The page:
They’ve stopped progressing and connecting, which is ultimately where the tone and anger come from. Their relationship has stopped advancing. And, to readers who have been following IMMORTAL HULK, you’ll notice how close Bruce has become with his alters compared to past runs. Ewing has made them seem more like family than any other writer has in the past. Nonetheless, that’s Shalvey’s angle throughout IMMORTAL HULK: FLATLINE #1. His purpose is to get readers to see what this flatlining has done to their relationship and how they begin to progress forward towards a common goal, the Green Door.


This isn’t Joe Bennett’s gruesomely horrifying HULK. Shalvey’s HULK is more of a new-age, built, rock slide of a HULK. He’s much more sleek yet still huge and massively decisive like a fortifying, Green, Bastion protruding out for defense. Shalvey’s HULK looks angry all the time, even when he’s getting torn apart or melting away. There is a scene where Shalvey channels his inner Joe Bennett getting mighty close to his frighteningly grotesque style.

However, Shalvey merely scratches the surface before moving back to his normal routine. I will say the color shades and inks came off a bit too dark at points making specific panels difficult to understand. But overall, the panels told the story well while the colors portrayed a more somber mood around the issue. The action was large and the antagonist added this explosive spin that grabbed this reader’s attention.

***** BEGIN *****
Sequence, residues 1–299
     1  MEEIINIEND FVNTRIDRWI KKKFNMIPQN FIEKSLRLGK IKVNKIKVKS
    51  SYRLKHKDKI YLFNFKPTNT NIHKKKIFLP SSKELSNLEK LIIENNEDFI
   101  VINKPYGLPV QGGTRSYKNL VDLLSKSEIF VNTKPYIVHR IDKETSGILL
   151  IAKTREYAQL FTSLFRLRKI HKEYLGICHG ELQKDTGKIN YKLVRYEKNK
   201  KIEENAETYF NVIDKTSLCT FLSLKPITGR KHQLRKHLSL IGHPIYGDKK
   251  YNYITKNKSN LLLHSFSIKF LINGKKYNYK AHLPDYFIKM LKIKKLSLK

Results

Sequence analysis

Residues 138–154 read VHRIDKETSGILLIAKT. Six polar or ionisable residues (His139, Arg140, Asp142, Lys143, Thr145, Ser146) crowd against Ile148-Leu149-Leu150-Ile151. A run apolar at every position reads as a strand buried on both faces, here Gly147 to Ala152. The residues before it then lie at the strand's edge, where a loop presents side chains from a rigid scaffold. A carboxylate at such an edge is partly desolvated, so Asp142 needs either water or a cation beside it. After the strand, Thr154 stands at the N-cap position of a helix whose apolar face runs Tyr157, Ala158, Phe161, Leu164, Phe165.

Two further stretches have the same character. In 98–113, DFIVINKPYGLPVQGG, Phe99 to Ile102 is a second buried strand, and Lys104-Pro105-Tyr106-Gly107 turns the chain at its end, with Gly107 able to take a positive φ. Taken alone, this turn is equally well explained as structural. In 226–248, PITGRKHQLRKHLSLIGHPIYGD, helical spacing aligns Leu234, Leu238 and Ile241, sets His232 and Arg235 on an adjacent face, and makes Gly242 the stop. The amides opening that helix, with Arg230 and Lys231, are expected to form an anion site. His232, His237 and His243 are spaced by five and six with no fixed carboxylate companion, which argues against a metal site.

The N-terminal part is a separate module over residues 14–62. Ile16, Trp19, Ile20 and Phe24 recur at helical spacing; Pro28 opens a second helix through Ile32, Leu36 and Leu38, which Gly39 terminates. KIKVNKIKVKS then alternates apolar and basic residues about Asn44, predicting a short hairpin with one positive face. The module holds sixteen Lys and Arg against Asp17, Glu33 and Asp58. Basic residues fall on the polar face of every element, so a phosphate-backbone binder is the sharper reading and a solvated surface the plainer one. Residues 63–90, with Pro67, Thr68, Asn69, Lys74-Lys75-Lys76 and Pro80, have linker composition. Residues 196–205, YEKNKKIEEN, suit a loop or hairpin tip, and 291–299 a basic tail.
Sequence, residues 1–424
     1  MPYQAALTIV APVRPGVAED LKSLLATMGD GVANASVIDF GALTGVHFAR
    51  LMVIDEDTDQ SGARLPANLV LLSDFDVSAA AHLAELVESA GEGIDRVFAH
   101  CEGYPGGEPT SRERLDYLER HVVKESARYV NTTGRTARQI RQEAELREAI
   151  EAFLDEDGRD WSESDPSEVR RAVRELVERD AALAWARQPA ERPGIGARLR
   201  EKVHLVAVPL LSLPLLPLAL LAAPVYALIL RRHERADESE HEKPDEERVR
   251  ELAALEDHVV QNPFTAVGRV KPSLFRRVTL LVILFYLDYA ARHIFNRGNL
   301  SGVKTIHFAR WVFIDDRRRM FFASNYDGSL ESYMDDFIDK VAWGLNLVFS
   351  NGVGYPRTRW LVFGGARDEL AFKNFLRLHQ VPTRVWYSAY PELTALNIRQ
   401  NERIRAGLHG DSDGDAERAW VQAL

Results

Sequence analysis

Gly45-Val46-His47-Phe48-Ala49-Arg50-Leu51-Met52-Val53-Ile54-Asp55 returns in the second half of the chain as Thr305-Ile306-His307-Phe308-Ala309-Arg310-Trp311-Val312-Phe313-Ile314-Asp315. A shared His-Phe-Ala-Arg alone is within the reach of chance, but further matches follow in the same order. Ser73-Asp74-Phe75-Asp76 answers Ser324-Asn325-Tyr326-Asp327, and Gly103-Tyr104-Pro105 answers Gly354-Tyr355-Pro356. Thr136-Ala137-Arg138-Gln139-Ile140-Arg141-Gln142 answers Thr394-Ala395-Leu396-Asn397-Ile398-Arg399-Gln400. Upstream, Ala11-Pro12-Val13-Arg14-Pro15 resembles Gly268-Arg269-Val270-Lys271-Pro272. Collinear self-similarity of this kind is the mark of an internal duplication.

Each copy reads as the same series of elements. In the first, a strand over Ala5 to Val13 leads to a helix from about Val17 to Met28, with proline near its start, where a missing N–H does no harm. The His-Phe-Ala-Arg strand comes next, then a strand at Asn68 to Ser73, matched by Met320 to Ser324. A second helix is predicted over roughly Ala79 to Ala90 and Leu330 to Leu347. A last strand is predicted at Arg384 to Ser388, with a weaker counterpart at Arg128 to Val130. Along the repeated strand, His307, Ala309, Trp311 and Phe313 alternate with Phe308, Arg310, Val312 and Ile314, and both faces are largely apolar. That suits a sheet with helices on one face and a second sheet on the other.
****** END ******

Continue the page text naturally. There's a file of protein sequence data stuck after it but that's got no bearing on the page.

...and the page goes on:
Once readers place the exact sequential timing of the issue, the premise becomes clear. Readers will be able to tell the extensive effort Shalvey puts into creating a starting point for our IMMORTAL HULK. The story probes deeper into the relationship between Banner and his alters and shows that through death and Banners’ flatlines, these personas come together towards a common purpose and journey towards the Green Door united. If you’re an IMMORTAL HULK fan, this is a must buy. If you’re new to IMMORTAL HULK, it may be too difficult to see its true intent. I loved the IMMORTAL HULK: FLATLINE #1 and highly recommend fans of the ongoing to pick this up ASAP. Let me know what you think, have a great week, and God bless!


If you’re interested in IMMORTAL HULK: FLATLINE #1, click HERE to get a copy! If you’ve been really digging Ewing’s IMMORTAL HULK, click HERE to get your hands on related trades, volumes, and issues. Lastly, if HULK is your all-time favorite hero, click HERE to snag some of the very best issues and trades from the jolly jade giant. And finally, if you’re looking for something else to read, check out my Amazon Online Comic Shop by clicking HERE. Thank you all for checking out the Immortal Hulk: Flatline #1 Preview as well as your continued support. Stay safe and stay healthy.

Check out our other Weird Science Reviews HERE or grab another perspective from The Comic Book Dispatch right HERE.

Check out other Marvel Previews HERE

Check out other DC Previews HERE

Leave a Reply

Fill in your details below or click an icon to log in: Logo

You are commenting using your account. Log Out /  Change )

Facebook photo

You are commenting using your Facebook account. Log Out /  Change )

Connecting to %s